Now what for Carmelo Anthony? Denver?

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A trade between Denver and New Jersey for Carmelo Anthony always made sense — for Denver and New Jersey. Anthony never seemed all that interested, the fact he wanted to meet with Nets owner Mikhail Prokhorov to be sold on the team does not make him sound like a guy who wanted to go there. Meanwhile the drama dragged on and on and on….

Until Wednesday afternoon, when Nets owner Mikhail Prokhorov killed it. He told the Nets management to walk away from the deal, that the costs had of making the deal had become too high.

What this sounds like to me is a face-saving deal:

Anthony never really wanted to go to New Jersey, but Anthony does not like to play the bad guy (as Alan Hahn of Newsday noted). By handling it this way Prokhorov gets to keep some dignity. This way, he’s the one doing the breaking up, not the one getting dumped. He gets to sound like the hard a– Russian rather than the guy who could not win the free agent again (he had enough of that last summer).

So now what? Who is left to chase ‘Melo?

Here is a list of teams where Carmelo Anthony may land:

• The New York Knicks. Knicks fans, come on down, you’re the next contestants on “Is The Price Right for Denver?” As distasteful as it may be for the Nuggets front office, this may be the best deal they can get. Especially if New York is the only place that Anthony will sign an extension.

If Knicks GM Donnie Walsh can trade Anthony Randolph for a 2012 first round pick (as is expected), then the rules allow them to trade their 2011 and 2013 first round picks (even though they did not have a 2010 pick). The package likely would be something like Danilo Gallinari, Wilson Chandler, the body and expiring contract of Eddy Curry, and a first-round pick or two.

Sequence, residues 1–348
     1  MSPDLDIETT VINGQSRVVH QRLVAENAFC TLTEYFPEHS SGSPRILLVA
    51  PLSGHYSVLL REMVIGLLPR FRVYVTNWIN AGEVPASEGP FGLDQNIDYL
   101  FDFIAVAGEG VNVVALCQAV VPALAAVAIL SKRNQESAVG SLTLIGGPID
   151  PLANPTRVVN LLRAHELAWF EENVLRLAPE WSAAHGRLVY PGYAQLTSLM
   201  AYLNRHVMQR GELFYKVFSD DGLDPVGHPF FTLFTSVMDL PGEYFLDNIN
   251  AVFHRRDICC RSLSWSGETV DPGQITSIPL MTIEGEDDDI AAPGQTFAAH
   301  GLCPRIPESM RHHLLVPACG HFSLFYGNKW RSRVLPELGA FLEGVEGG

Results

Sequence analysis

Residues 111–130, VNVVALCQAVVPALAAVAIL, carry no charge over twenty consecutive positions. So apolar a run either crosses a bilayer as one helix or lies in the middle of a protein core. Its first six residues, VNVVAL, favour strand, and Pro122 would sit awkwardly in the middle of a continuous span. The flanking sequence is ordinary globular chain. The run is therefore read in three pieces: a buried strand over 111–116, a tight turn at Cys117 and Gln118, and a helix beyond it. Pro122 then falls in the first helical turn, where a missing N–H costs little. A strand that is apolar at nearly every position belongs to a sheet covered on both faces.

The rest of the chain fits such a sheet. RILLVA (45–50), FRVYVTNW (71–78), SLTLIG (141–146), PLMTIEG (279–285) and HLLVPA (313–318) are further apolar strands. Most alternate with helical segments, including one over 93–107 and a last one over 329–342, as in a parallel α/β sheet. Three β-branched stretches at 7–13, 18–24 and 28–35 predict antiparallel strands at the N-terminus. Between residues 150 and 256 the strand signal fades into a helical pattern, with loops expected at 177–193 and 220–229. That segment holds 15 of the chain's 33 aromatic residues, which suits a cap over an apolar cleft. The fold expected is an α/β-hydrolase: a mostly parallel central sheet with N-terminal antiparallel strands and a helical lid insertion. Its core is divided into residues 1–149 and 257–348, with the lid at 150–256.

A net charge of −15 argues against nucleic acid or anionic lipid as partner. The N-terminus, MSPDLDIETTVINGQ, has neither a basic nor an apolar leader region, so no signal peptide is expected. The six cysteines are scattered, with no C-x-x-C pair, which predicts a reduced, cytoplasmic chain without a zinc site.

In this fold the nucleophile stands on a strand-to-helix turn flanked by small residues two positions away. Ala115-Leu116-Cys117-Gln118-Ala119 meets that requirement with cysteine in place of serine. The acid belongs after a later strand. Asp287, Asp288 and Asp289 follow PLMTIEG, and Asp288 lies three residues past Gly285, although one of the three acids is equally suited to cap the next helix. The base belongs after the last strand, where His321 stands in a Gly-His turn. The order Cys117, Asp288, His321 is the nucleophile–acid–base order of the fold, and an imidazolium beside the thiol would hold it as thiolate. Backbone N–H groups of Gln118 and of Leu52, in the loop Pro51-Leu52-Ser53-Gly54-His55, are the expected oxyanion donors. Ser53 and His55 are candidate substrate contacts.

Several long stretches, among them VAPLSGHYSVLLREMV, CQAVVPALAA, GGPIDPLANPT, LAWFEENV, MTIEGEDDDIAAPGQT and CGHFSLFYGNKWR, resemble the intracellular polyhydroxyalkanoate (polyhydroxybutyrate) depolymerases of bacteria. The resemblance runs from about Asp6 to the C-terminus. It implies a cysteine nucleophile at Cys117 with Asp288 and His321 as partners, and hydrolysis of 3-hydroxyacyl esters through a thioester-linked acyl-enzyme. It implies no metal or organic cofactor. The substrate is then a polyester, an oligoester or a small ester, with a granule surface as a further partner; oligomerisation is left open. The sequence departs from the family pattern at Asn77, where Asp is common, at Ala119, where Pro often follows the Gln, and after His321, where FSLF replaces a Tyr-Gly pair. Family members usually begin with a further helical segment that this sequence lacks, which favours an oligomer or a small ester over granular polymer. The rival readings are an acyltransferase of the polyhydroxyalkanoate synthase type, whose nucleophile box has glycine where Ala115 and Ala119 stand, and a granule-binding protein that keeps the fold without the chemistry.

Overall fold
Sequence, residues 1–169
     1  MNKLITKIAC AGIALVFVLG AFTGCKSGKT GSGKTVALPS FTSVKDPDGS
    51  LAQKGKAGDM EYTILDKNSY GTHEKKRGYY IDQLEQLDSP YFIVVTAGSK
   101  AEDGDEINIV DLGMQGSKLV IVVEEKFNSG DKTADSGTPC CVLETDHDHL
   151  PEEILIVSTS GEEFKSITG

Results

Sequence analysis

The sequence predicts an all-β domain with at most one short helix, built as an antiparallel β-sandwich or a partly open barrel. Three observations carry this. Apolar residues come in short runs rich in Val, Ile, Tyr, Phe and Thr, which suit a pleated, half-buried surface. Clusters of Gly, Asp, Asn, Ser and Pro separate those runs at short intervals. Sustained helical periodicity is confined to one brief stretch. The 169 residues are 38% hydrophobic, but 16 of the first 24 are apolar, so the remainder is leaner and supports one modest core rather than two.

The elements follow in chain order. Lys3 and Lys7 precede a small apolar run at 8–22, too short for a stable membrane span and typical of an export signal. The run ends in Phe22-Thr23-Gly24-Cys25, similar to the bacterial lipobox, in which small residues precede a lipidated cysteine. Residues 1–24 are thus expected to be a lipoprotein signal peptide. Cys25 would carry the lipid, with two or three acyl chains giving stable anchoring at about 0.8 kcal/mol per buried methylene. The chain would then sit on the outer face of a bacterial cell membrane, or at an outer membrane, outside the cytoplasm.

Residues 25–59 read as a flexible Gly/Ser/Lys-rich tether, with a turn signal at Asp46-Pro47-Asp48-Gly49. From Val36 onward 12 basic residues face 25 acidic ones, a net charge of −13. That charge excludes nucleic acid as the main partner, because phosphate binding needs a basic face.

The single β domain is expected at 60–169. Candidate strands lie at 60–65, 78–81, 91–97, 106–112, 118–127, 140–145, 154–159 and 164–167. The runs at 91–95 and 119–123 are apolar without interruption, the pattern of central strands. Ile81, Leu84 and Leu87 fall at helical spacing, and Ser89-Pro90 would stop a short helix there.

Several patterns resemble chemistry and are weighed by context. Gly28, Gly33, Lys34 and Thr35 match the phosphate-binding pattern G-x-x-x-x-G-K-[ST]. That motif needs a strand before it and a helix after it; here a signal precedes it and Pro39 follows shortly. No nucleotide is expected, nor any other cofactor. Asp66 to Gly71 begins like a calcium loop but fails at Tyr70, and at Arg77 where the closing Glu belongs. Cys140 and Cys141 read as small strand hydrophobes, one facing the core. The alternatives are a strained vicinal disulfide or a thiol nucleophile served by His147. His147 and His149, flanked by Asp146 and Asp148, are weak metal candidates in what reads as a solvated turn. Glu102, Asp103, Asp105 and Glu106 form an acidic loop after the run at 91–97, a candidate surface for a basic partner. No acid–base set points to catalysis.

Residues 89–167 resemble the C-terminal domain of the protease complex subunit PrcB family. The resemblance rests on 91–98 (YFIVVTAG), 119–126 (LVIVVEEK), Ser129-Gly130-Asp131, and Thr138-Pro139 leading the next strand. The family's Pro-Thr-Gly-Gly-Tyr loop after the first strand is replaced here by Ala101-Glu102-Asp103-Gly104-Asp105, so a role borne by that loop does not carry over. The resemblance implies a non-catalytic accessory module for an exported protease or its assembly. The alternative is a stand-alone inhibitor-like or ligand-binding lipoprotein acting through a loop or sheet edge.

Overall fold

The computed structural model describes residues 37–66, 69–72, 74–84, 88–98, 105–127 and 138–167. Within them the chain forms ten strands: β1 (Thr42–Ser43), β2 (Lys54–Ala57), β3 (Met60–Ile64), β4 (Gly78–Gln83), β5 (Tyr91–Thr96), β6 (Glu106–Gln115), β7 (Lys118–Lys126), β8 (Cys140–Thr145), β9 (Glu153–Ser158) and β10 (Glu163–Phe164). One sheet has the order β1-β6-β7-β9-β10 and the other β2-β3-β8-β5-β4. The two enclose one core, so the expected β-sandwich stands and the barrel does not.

The Nuggets were right to like a deal that involved Derrick Favors more, but this gets them a couple of quality players, a couple picks and payroll savings next year. That’s not terrible.

• The New Jersey Nets… Prokhorov was bluffing. It doesn’t seem likely, but it a possibility. If Anthony was willing to go to the Nets but the Nuggets kept pushing and overplayed their hand — “You have to take Renaldo Balkman or the deal is off!” — this is the way to call that bluff. Make the Nuggets accept your terms, which is still better than any other offer. And it could happen, in a couple of weeks the Nuggets might call the Nets back and accept lesser terms.

Of course, this theory depends on Anthony actually wanting to go to New Jersey. Wanting it bad enough that this stunt doesn’t frighten him off. Yes, that is possible, but I wouldn’t bet the kids’ college fund on it.

• The Chicago Bulls. They were in the bidding last summer but pulled out. However CAA power broker William Wesley is reportedly headed to Chicago to try and convince them to get back in the game. The Bulls might be willing to talk but they have no incentive to up the offer from the Luol Deng based one the Nuggets already soundly rejected. The Bulls are not about to give up Joakim Noah, especially not now. It would be quite a loss of face for Denver to come crawling back to this deal.

• The Denver Nuggets: They could play hardball. They could dare Carmelo Anthony to not sign the three-year, $65 million extension on the table and take his chances as a free agent under a new Collective Bargaining Agreement. Basically, call his bluff. See if he’s willing to lose $10 million or more. Anthony has said he wants to sign an extension and have a deal under this CBA, he’s comfortable in Denver, so maybe he’ll cave.

Not likely. He’s still gong to make at least $50 million on a new deal wherever it is, which should be enough to live on. If he wants out, he wants out. This strategy also carries big risks for Denver — if he does leave as a free agent the Nuggets get nothing in return. They are Cleveland or Toronto. That seems too big a risk, they need to get something back for losing their star.

• The Dallas Mavericks: Mark Cuban has said he wants to get in on the bidding if it comes to “rent-a-Melo.” And by rent-a-Melo we mean Dallas doesn’t care if he signs the extension or not, they would be happy to rent him for the remainder of this season to try and win a title.

Denver could get an up-and-coming young player like Rodrigue Beaubois and save money on the expiring deal of Caron Butler (who is already out for the year with knee surgery). Dallas would also have to send picks and other players. It’s really not as good as what the Knicks can offer, but if you want to spite the Knicks and Melo…